EU Insurance Distribution Directive

Mike Roderick, partner with Clyde & Co, assisted by Dr Kathrin Feldmann, from Clyde’s Düsseldorf office, has written in the IUMI December newsletter about the EU Directive 2016 (97) of January 20th 2016 on insurance distribution (the Insurance Distribution Directive or IDD), which sets out a new and enhanced European legal framework for insurance (and reinsurance) distribution applicable to risks inside the EU. Since publication the IDD has been supplemented by two further Delegated Regulations from the European Commission, C(2017) 6218 and 6229, which are directly applicable in Member States. Key aims of the IDD are to afford greater protection to customers and to further harmonise insurance and reinsurance distribution.

Roderick said that several changes were of particular importance for marine insurers:

  1. To ensure a level playing field for customers whatever the distribution channel used, the IDD would widen the scope of existing regulation beyond intermediaries such as brokers and agents to include all sellers of insurance products which also sell insurance directly to their customers as part of a wider package.
  2. There would be a much-enhanced pricing transparency requirement. Intermediaries will have to state the nature of their remuneration – although there would be no obligation to disclose the level of the remuneration itself. Whatever the nature of the remuneration arrangement it could not be in conflict with the obligation to ensure appropriate insurance coverage for the customer. Roderick noted that implementation of this requirement was proving particularly controversial in a number of Member States. For example in Germany there had been intense legislative discussion about a provision that would prohibit broker remuneration other than by way of payments from insurers with no fee to be charged to the insured (a provision that was ultimately defeated at a recent Parliamentary session).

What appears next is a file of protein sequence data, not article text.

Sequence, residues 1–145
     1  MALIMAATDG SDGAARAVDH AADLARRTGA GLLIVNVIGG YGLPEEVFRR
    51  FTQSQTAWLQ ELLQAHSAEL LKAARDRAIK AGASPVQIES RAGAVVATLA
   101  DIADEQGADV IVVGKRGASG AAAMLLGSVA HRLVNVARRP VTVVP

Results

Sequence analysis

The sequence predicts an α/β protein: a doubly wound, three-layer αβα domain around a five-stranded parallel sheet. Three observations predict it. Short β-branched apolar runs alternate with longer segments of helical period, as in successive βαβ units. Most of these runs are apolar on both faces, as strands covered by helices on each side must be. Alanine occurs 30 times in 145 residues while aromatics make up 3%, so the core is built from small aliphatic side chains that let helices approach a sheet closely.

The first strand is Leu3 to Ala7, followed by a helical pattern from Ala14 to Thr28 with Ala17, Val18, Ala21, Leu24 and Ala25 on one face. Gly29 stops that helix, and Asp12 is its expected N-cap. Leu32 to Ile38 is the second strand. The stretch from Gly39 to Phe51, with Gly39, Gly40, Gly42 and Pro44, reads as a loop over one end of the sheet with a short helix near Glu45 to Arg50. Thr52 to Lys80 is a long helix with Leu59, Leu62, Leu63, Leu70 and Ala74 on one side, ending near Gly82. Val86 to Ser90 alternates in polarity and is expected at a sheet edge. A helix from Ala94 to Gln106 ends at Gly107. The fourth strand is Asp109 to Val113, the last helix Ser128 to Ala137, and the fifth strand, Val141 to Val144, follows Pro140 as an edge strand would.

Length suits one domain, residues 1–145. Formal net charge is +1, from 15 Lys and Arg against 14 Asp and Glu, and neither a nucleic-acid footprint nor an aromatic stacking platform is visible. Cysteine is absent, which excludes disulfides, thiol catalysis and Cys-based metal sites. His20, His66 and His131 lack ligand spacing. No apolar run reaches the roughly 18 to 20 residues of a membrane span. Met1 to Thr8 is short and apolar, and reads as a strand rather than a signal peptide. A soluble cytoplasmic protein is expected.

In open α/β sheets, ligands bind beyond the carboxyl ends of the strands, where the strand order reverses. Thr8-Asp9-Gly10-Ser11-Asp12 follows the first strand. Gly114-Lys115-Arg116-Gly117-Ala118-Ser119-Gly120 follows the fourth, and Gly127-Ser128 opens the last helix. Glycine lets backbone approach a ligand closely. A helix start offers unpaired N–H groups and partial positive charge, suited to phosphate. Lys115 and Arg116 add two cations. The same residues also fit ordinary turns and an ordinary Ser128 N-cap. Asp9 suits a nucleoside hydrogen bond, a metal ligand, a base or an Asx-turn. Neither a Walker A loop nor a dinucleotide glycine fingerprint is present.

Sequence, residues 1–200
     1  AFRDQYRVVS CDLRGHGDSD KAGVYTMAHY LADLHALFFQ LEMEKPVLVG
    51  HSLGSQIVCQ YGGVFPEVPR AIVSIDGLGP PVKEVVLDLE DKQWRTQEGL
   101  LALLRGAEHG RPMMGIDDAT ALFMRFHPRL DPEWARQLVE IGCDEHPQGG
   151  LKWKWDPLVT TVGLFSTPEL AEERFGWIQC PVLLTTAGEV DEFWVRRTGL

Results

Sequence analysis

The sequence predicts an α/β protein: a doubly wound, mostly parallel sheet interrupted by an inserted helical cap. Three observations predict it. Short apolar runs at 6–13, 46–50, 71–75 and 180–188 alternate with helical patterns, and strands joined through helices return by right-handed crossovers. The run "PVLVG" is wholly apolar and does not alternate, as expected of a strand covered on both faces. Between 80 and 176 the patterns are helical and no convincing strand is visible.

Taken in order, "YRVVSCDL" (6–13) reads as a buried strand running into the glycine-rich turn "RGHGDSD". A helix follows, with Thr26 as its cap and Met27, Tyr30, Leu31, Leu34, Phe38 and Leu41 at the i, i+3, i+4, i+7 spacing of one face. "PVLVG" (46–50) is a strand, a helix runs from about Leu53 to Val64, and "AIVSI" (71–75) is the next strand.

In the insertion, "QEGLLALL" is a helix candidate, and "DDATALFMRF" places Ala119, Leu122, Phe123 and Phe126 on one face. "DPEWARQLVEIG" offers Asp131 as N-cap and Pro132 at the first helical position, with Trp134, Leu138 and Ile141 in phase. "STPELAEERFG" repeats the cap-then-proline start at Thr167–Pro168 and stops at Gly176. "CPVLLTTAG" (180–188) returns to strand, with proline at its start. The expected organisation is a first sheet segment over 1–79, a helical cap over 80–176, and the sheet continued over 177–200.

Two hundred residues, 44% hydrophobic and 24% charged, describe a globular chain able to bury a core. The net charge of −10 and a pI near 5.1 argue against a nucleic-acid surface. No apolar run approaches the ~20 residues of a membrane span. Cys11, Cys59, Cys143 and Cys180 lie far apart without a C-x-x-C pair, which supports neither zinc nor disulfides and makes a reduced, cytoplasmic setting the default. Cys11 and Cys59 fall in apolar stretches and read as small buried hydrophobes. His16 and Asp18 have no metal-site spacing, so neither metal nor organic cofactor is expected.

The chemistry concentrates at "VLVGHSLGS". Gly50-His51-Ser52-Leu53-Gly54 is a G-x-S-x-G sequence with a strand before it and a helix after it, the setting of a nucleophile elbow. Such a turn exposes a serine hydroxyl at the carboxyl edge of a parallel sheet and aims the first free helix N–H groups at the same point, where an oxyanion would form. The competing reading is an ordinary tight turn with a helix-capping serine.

3. New rules on product review had been introduced – insurers and intermediaries that design new or significantly amend existing products have to have an internal and thorough Product Oversight and Governance (POG) process in place to ensure that products were and remained suitable for their target market. This requirement therefore applied both before products were first marketed and on an ongoing basis. These new rules would not, however, apply to large risks, as defined in Directive 2009/138/EC – that definition includes loss or damage to ships and to goods in transit.
  4. Member States would have to ensure that insurance distributors were under a duty always to act in the best interests of their customers, to ensure that their remuneration arrangements do not conflict with that duty, to ensure that customers received clear and fair information about the product being sold and that distributors were properly trained and qualified.

Roderick noted that these changes were both significant and complex. In the UK alone, the Financial Conduct Authority had published three lengthy Consultation Papers on implementation of the IDD. Roderick said that the changes would impose significant additional burdens on insurers. “Certainly their impact on insurance distributors such as freight forwarders is not yet fully appreciated within the industry.” The IDD is set to enter into force on February 23rd 2018. In recognition of the complexities involved and to allow the insurance industry sufficient time to properly implement the changes required, the European Commission has been requested to delay entry into force. “At the time of writing we anticipate that a postponement to October 1st 2018 will be granted but no extension has as yet been officially confirmed”, concluded Roderick.